Landowners and agency biologists showcase public-private partnerships

With nearly 70 percent of U.S. land owned by private individuals and entities, it’s clear that conservation work must include private landowners. The Partners for Fish and Wildlife Program is making great strides toward that goal, working with landowners to develop cooperative conservation solutions. In the Wednesday morning keynote event at TWS’ 23rd Annual Conference in Raleigh, N.C., speakers explained how they are overcoming traditional frictions to forge new partnerships.

“I’m able to present ideas to these landowners that interest them, and I’m able to find them some cost shares, and we gain each other’s trust,” said John Ann Shearer, a fish and wildlife biologist with the USFWS Raleigh Ecological Services Field Office and one of the program’s coordinators. “Relationships — not needs, not laws, not rules, not even species, but relationships — determine the success that follows.”

After Shearer introduced the Partners for Fish and Wildlife Program, three ranchers told their own stories of working with the USFWS biologists.

Jim Stone described conservation work in and around his family’s ranch in the Blackfoot watershed in western Montana. Stone said he manages his ranch based on the health of the fisheries.

“We’re finally figuring out that when it’s clean, cool, connected, healthy riparian zones — healthy timber, healthy grass — guess what we’re doing? We’re raising more pounds of beef,” he said.

Stone’s conservation efforts go beyond the boundaries of his own land. He is part of the “Blackfoot challenge,” a cooperative team of landowners and biologists working to protect the watershed as sustainably managed working land. The partnership now encompasses 1.25 million acres of the 1.5-million-acre watershed, an astounding feat given the region’s diverse and complex ownership, said Stone.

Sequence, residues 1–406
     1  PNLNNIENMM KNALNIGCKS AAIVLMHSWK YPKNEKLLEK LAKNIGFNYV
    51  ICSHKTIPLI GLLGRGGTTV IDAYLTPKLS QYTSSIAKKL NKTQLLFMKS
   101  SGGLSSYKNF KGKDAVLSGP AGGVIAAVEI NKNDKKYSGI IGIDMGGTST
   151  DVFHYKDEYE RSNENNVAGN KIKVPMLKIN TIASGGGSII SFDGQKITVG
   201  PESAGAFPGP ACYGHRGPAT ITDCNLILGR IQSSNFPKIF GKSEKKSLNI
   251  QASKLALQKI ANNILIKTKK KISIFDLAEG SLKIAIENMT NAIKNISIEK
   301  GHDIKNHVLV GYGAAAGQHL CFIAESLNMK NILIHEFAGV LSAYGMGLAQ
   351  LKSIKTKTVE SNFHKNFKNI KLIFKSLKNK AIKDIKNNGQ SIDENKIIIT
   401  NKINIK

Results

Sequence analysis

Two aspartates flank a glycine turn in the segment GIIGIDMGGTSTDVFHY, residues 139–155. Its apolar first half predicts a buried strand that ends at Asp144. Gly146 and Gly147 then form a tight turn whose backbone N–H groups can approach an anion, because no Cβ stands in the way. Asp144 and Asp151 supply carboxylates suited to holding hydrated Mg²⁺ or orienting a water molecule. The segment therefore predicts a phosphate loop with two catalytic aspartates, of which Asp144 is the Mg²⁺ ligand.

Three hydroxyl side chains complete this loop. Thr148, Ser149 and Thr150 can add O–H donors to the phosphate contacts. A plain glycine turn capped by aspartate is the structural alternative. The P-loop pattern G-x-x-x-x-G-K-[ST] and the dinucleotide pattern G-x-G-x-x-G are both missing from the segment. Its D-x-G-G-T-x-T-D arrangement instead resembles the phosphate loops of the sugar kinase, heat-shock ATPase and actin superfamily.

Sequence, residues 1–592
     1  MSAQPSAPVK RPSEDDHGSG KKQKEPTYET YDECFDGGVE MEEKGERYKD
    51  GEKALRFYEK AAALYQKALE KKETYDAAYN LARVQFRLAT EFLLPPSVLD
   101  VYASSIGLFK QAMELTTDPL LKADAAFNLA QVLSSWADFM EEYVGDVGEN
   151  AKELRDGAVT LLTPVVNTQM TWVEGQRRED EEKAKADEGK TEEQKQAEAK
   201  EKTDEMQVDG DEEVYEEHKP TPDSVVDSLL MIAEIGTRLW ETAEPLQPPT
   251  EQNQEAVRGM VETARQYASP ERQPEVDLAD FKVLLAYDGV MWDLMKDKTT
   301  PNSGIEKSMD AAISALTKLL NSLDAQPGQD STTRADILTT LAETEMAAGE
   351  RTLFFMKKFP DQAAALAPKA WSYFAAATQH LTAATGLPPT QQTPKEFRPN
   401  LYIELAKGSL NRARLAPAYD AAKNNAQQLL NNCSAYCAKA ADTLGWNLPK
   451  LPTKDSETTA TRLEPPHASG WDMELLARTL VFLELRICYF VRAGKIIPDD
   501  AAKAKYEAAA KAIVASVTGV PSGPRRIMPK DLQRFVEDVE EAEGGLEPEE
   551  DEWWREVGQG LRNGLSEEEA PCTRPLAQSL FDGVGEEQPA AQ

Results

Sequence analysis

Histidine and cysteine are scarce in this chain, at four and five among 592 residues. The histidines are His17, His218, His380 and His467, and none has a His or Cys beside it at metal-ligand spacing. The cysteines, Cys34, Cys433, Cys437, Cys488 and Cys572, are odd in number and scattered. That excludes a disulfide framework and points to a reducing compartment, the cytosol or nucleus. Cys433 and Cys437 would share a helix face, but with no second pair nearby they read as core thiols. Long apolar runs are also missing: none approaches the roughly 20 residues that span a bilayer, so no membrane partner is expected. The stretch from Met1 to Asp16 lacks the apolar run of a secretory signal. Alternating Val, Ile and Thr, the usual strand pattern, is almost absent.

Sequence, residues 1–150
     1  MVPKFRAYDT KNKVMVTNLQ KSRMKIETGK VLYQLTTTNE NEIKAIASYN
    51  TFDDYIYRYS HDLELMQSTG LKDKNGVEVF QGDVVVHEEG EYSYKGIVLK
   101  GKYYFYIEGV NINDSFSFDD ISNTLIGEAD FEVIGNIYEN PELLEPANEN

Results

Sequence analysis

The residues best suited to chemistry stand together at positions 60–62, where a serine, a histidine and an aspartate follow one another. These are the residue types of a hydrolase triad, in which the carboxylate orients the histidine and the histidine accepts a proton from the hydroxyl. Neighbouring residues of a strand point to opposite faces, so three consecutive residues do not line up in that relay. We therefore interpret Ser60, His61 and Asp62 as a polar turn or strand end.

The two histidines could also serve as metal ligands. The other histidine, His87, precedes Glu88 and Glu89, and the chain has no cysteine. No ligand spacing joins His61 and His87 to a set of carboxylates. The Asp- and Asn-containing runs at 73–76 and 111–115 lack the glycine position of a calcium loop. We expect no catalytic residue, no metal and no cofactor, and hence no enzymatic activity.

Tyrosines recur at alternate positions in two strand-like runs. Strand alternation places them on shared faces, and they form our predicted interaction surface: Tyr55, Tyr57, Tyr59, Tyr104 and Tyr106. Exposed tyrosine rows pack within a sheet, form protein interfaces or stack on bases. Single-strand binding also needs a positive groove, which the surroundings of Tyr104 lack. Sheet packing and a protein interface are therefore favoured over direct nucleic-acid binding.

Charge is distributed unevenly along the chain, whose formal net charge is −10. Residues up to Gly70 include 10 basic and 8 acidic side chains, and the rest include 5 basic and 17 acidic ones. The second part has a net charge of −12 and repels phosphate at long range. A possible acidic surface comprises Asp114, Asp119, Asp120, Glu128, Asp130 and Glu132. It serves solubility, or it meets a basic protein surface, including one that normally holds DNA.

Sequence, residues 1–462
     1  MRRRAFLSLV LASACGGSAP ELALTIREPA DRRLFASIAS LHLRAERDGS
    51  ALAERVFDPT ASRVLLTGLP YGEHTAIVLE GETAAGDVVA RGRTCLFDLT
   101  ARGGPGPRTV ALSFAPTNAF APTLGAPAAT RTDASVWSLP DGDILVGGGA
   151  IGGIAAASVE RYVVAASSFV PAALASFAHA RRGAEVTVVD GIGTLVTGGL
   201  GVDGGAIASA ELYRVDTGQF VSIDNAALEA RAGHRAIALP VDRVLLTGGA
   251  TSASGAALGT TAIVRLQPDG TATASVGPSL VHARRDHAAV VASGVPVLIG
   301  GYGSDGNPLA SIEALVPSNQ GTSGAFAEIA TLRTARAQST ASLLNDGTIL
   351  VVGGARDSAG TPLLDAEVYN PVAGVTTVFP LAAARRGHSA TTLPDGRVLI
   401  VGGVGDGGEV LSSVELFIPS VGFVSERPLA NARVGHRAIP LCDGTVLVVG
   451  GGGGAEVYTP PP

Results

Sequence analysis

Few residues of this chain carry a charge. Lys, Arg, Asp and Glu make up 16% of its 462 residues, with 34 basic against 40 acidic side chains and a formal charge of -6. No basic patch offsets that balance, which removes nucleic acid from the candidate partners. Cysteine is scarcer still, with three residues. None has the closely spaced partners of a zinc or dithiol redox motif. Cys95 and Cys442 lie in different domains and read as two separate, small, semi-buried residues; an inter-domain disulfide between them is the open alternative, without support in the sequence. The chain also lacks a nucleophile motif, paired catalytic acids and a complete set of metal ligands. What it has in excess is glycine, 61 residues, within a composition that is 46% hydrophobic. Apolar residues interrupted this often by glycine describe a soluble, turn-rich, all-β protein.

The next landowner to tell his story was David “Leftie” Durando, a member of the Northern Everglades Alliance who helped establish the Everglades Headwaters National Wildlife Refuge and Conservation Area. Durando credited USFWS biologist Erin Myers with helping him trust the government agency and commit to protecting wildlife such as the endangered Florida grasshopper sparrow (Ammodramus savannarum floridanus). Restoring habitat for the sparrows involves cutting down trees to promote grasslands, something Durando said he wouldn’t have done on his land in the past.

“I promise you, if you’d come near one of [my trees] with a saw, I’d have run you off the joint,” he said. But, he said, after building a partnership with Myers and the USFWS, “we knew we had to create habitat for that little guy, because he doesn’t like high things.”

The final landowner to take the stage was Terry Mansfield, who raises “sheep, cattle and kids” on his ranch in Washington. Mansfield comes from a wildlife biology background, and has more than 33 years of experience working for state wildlife agencies. He described the conservation work he is doing on his own land, setting up a conservation easement and restoring a portion of wetland habitat with native plant species.

“To a degree, this is kind of a showcase,” he said. “This is a place that I can bring my neighbors and talk about the potential.”

“We simply have to have private lands to sustain our wildlife populations,” said Shearer. “This is the recognition that wildlife don’t know boundaries, and this is the recognition of landscape-scale conservation.”

At the conclusion of the program, all the speakers agreed that their experience with the partnership demonstrated that agencies and landowners really can work together to conserve wildlife and ecosystems.